Inclusive Playgrounds Now Open At Elementary Schools

Fort Miami intervention specialist/teacher Ashley St. John said Kyler Crockett (center) and Brooklynn Bagner are big fans of the new swings provided at the school. There is also another swing attached to the structure for more friends to swing together. MIRROR PHOTO BY KRISTI FISH

BY KRISTI FISH | MIRROR REPORTER — After more than a year of planning and installation, new inclusive playground equipment at three Maumee schools is ready for use.

In March 2021, the schools announced the installation of accessible playgrounds at Fort Miami, Fairfield and Wayne Trail elementary schools. All three of the playgrounds now have areas that are accessible via wheelchair. 

The process, which the district had hoped to complete last fall, took longer than expected due to delays and installation requirements.

The rubber material for the equipment’s ground base, for example, required specific weather conditions for installation.

“It was longer than we expected, first to get everything in, then the actual rubber material that goes on the ground can only be installed at certain temperatures. The weather is not always kind,” said MCS Director of Educational Services Tricia Samuels.

The students were finally able to take advantage of the new equipment last month and have been enjoying it ever since. According to Samuels, it’s rare to see the playgrounds empty even when school is out, as families from the neighborhoods stop by to make use of it, too.

The school wanted to find equipment that would be played on by the children during school hours and used by the neighborhood families in the evenings and on weekends, Samuels said, so the selection process for the equipment required a lot of thought.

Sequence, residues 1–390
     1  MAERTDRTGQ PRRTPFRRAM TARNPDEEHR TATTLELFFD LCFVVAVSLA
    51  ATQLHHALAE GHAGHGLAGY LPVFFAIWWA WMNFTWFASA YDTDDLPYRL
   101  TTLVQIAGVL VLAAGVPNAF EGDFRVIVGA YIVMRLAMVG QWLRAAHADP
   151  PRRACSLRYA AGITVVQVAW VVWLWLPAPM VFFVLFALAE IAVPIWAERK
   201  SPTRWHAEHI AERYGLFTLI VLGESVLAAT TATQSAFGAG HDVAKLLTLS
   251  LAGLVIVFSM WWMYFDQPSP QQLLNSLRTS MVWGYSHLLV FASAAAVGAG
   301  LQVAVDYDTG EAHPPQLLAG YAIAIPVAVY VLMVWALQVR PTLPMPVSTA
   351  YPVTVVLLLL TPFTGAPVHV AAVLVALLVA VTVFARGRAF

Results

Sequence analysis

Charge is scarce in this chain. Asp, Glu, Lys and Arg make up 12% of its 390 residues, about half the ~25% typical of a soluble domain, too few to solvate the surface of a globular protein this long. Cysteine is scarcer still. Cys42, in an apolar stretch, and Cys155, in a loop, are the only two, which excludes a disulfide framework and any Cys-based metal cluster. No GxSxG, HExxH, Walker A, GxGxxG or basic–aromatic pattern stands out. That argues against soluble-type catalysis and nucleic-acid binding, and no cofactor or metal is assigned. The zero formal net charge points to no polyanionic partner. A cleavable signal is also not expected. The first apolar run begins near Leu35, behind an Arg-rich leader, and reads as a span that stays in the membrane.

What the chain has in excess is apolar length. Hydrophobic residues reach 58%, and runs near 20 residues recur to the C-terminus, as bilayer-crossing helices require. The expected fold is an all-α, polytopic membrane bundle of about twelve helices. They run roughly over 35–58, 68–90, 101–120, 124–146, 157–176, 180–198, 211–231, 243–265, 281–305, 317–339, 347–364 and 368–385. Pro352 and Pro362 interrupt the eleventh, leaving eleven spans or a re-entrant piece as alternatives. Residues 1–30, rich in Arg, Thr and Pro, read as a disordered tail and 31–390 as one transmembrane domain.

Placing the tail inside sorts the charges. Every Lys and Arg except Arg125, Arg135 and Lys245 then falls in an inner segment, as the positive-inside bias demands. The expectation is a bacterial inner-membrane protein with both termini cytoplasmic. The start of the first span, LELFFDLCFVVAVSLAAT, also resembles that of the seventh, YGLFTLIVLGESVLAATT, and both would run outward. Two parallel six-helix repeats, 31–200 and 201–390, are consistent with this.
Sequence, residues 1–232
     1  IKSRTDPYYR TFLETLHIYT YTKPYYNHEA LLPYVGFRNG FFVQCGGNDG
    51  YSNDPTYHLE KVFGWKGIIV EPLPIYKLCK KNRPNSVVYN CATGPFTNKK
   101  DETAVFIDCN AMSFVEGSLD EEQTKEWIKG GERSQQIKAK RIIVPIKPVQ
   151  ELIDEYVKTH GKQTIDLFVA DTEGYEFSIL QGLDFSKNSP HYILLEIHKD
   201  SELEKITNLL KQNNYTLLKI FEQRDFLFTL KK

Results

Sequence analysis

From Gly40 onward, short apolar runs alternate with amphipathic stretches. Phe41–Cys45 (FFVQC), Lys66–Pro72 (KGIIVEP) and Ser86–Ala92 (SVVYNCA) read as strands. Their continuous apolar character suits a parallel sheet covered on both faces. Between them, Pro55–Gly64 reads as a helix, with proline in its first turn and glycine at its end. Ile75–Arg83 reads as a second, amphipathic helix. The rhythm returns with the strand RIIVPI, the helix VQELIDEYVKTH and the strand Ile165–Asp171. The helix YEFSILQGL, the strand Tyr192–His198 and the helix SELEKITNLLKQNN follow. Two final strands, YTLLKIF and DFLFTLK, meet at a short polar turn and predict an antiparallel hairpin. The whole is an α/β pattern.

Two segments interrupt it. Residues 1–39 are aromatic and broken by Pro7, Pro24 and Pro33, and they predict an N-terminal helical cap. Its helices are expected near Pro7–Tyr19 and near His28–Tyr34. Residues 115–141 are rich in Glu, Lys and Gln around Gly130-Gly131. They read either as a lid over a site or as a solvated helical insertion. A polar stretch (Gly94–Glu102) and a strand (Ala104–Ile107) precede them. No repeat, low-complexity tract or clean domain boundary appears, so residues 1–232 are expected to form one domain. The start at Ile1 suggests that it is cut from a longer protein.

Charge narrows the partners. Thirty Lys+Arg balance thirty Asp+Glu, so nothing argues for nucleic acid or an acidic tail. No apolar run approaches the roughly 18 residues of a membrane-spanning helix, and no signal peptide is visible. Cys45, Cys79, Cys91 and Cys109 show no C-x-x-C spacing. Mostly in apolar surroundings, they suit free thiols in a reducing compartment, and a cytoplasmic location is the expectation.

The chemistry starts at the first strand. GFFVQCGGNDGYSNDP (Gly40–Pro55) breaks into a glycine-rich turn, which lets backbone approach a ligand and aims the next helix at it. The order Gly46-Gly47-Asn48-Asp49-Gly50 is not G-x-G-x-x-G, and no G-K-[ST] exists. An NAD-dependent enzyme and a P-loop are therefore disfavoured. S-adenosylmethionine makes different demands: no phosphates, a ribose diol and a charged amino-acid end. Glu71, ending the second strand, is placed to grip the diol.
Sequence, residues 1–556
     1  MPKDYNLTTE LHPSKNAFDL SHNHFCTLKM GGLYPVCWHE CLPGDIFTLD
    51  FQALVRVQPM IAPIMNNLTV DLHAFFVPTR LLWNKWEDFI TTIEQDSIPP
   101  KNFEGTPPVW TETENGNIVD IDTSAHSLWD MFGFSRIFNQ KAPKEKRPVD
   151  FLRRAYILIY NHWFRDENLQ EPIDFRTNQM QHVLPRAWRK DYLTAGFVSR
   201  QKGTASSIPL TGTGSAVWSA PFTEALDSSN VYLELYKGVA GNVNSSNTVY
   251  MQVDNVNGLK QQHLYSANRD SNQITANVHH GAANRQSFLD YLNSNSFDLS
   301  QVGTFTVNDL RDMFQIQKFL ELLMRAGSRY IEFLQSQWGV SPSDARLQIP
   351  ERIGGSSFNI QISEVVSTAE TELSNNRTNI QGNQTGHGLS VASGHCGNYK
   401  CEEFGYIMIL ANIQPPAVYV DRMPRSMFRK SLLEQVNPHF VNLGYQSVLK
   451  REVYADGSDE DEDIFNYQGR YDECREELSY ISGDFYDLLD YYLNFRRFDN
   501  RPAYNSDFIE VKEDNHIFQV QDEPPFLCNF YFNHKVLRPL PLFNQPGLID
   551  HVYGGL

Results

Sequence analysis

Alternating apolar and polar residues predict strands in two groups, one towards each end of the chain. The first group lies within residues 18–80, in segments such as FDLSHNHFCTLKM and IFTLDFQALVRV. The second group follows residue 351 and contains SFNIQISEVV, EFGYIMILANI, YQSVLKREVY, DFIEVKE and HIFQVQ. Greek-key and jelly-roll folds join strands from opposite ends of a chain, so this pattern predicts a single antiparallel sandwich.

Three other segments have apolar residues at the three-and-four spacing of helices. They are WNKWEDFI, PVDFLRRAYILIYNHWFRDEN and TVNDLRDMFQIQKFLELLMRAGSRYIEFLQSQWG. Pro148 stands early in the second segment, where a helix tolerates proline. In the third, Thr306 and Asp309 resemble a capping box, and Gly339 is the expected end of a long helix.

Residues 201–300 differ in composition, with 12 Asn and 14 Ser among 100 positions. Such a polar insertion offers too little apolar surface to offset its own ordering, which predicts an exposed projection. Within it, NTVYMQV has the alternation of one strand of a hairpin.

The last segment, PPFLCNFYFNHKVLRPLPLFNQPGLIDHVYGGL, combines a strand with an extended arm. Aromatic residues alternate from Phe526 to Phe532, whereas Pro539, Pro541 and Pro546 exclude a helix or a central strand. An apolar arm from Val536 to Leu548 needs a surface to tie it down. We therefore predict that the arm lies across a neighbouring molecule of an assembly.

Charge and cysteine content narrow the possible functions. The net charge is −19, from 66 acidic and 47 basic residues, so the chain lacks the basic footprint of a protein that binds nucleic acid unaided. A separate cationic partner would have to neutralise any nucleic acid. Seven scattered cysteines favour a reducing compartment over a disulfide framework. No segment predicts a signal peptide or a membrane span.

“We wanted to find pieces that looked fun that looked like any kid might want to play on so we could encourage the ability for them to interact,” Samuels said. “We did get a couple of swings that are specifically for students who need more support, but we were very specific – we wanted them placed with all the rest of the swings. We didn’t want separate swings.”

There are some pieces of equipment on playgrounds that get played with more than others, and Samuels said the schools wanted to ensure the equipment selected would be liked by all students and would encourage interactions among the children.

Those interactions are vital to creating a strong community in and out of the school and for maintaining a more equitable balance among the students, Samuels said.

“When you look at our strategic plan, the overarching theme is equity, and we want to allow equitable access to our playground,” she explained. “That’s always our focus. How can we be the most inclusive district? We are always looking at what opportunities they have to make sure all students can be included.”

It’s a privilege, Samuels noted, to have had a supportive community and school district that is willing to go above the required minimum for students. It’s also been possible because of the JLW grantor.

The equipment was funded by a private JLW grant for $40,110 and $77,780 from the district’s Permanent Improve-ment Fund, for a total of $117,890. The cost allocated to each school was different, as the amount of rubber surface required for the playground and equipment selected varied.

Samuels said the district had contacted the grantor, who expressed interest in supporting inclusive playground equipment, and the rest of the staff at the school was eager to make it happen.

“It’s been wonderful to have that type of support in our community,” Samuels said. “I’m just really excited that we were able to do something like this and all of our kids can access our playground.”

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